One of his disciples, the one whom Jesus loved,
was reclining at Jesus' side.
So Simon Peter nodded to him to find out whom he meant.
He leaned back against Jesus' chest and said to him,
"Master, who is it?"
Jesus answered,
"It is the one to whom I hand the morsel after I have dipped it."
So he dipped the morsel and took it and handed it to Judas,
son of Simon the Iscariot.
After Judas took the morsel, Satan entered him.
So Jesus said to him, "What you are going to do, do quickly."
Now none of those reclining at table realized why he said this to him.
Some thought that since Judas kept the money bag, Jesus had told him,
"Buy what we need for the feast,"
or to give something to the poor.
So Judas took the morsel and left at once. And it was night.

When he had left, Jesus said,

"Now is the Son of Man glorified, and God is glorified in him.
If God is glorified in him, God will also glorify him in himself,
and he will glorify him at once.
My children, I will be with you only a little while longer.
You will look for me, and as I told the Jews,
'Where I go you cannot come,' so now I say it to you."

Simon Peter said to him, "Master, where are you going?"

Jesus answered him,
"Where I am going, you cannot follow me now,
though you will follow later."
Peter said to him,
"Master, why can I not follow you now?
I will lay down my life for you."
Jesus answered, "Will you lay down your life for me?
Amen, amen, I say to you, the cock will not crow
before you deny me three times."

(John 13:21-33, 36-38 (NAB))

On the surface, this passage leaves the impression that its main statement is that Judas Iscariot had reached the last straw. For some time now Jesus' mission and ministry had him thinking: When does this turn into the coup against the occupying Romans? How do we get the support of the local regime? By now it's clear to Judas that Jesus doesn't 'get it', when in fact it's the other way around.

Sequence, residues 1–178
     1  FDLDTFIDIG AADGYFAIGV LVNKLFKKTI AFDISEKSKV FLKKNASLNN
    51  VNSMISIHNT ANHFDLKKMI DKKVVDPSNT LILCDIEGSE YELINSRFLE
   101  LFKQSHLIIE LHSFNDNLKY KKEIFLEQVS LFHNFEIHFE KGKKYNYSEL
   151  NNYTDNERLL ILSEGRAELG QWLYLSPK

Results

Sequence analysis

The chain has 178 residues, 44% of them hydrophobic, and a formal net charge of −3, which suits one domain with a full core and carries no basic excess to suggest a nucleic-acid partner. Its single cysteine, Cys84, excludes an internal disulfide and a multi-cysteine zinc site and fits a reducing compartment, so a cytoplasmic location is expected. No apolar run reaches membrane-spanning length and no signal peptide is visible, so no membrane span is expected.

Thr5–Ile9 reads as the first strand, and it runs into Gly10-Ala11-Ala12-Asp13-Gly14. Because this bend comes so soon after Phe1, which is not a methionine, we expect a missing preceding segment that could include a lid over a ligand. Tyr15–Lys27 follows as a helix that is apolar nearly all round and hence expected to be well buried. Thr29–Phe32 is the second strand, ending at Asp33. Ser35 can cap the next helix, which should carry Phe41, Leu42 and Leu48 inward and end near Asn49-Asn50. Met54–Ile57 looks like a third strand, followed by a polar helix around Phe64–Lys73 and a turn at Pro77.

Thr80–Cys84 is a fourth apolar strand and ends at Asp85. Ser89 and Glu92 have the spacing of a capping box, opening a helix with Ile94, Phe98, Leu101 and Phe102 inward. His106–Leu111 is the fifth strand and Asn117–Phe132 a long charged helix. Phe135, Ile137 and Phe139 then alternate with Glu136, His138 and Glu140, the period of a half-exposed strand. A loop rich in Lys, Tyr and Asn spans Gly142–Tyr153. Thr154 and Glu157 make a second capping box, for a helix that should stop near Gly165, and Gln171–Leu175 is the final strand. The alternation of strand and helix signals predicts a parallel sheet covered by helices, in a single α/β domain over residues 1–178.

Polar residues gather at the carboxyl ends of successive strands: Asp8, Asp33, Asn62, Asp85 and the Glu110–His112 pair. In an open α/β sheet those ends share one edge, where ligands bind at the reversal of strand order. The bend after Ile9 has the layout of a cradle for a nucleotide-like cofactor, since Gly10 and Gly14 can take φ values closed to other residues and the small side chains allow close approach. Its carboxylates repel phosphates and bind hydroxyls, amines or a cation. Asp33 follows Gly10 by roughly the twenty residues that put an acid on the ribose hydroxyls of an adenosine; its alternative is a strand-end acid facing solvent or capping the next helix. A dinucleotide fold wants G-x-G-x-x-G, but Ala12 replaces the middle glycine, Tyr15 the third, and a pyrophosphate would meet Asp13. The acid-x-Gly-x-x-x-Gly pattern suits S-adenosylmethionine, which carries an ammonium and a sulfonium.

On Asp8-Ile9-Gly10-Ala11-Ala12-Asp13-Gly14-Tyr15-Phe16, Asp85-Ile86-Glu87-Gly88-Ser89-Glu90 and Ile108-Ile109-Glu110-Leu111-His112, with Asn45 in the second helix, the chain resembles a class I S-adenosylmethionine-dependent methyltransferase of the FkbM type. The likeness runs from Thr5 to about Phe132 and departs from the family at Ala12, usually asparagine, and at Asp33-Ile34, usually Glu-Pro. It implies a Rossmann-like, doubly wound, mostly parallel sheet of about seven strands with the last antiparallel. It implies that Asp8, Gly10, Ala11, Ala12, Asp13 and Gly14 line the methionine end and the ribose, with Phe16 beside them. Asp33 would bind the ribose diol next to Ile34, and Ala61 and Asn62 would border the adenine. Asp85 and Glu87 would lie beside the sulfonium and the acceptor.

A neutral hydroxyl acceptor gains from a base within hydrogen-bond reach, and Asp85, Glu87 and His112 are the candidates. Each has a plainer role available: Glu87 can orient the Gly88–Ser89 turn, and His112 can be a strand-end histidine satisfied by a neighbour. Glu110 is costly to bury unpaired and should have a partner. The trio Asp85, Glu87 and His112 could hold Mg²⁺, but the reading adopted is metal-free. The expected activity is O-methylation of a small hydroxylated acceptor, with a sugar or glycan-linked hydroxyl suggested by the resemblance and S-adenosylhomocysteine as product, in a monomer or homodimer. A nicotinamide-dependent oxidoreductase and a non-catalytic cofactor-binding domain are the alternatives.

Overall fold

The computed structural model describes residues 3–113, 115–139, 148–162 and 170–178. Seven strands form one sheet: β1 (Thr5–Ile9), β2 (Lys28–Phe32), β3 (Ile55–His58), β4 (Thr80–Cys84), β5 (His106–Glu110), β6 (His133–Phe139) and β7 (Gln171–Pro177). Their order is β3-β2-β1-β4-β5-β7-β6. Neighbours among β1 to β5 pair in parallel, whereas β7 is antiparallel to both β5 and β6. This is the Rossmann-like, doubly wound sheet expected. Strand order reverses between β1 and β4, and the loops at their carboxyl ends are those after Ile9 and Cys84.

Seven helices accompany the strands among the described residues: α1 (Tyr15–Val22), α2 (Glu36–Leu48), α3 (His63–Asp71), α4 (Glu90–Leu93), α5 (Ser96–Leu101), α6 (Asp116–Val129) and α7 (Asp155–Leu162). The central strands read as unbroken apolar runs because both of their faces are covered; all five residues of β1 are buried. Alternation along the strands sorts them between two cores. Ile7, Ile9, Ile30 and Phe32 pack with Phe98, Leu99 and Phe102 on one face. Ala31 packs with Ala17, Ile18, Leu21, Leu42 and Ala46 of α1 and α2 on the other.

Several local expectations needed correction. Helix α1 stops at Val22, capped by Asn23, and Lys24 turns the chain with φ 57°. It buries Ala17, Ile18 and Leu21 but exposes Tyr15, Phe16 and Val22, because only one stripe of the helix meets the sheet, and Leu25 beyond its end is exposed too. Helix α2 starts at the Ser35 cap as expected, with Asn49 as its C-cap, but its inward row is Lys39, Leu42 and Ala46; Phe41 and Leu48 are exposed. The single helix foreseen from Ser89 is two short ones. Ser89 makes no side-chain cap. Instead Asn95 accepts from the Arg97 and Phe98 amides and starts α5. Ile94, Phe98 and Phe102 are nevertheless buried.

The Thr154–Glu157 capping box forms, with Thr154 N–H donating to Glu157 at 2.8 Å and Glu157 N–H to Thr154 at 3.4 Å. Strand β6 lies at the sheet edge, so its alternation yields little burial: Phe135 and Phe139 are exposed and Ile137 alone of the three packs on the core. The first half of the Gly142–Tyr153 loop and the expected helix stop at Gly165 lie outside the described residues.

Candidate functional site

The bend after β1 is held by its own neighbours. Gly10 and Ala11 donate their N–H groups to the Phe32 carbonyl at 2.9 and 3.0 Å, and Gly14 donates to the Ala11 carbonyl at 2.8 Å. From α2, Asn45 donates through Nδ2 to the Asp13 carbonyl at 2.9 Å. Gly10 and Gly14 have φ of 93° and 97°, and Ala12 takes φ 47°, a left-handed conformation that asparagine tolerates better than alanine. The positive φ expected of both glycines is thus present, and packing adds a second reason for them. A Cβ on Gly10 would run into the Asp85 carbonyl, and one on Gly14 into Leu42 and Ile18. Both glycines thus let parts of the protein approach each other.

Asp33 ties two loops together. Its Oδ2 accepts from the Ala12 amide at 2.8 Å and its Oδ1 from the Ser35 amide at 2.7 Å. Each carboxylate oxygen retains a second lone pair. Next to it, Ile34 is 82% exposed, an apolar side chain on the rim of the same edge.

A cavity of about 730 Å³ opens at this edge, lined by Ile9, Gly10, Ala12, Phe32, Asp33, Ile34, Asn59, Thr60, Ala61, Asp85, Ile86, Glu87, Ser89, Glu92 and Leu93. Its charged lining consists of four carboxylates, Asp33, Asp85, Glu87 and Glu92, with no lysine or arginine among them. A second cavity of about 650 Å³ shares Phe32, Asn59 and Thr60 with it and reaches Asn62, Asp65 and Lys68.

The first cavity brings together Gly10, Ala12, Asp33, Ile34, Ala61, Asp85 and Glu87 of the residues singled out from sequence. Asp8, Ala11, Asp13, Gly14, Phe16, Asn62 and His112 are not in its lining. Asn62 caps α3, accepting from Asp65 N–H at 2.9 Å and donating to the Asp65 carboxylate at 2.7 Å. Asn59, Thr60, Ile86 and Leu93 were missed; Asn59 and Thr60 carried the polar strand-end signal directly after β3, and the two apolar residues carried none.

All of this is ambiguous to the other apostles. It's not without reason: Jesus has been dropping large hints that something will indeed happen while they're in Jerusalem for the Passover, something nobody understands.

Peter, as the heir apparent and the control-oriented person he is, wants to get to the bottom of this. He said before that it was not his intention to let anything of an ill nature befall Jesus, for which he was rebuked. Still, he knows there's a lot at stake here. Not willing to get in trouble for yet another poor choice of words, Peter motions John to ask the question. Who's the bad guy? Drama is building.

Before I continue I am reminded that, of the four canonical Gospels, John's is the last to be written, some 65 years after the events. With three already accepted accounts in hand, John is not writing with a strict focus on one community or group of potential converts. Historical accuracy is likewise not a top priority. Furthermore, as is evident when reading any of John's epistles or especially Revelation, the style is largely symbolic. John is putting a very unique perspective into what took place; a perspective that is inclusive of many symbolic acts, so many that one can get a bit lost for a time.

It is not enough, therefore, for Jesus to simply blurt out "Judas is the one." John places the reveal as part of the meal - the meal that will be remembered countless times as the Eucharist and the Mass. In vv.26-27, Judas accepts the morsel (possibly the bitter herbs dipped in salt water at the Passover Seder) - but at the same time, rejects the very Real Presence of Jesus before him. At that point, he succumbs to the temptation, and leaves in haste. It even appears that Jesus encourages the departure. What frame of mind is Jesus in? Nobody can really be sure. Even John's passing comment "and it was night" (v.30b) is symbolic. Not only was it in the evening hours, but the long 'dark night of the soul' had begun.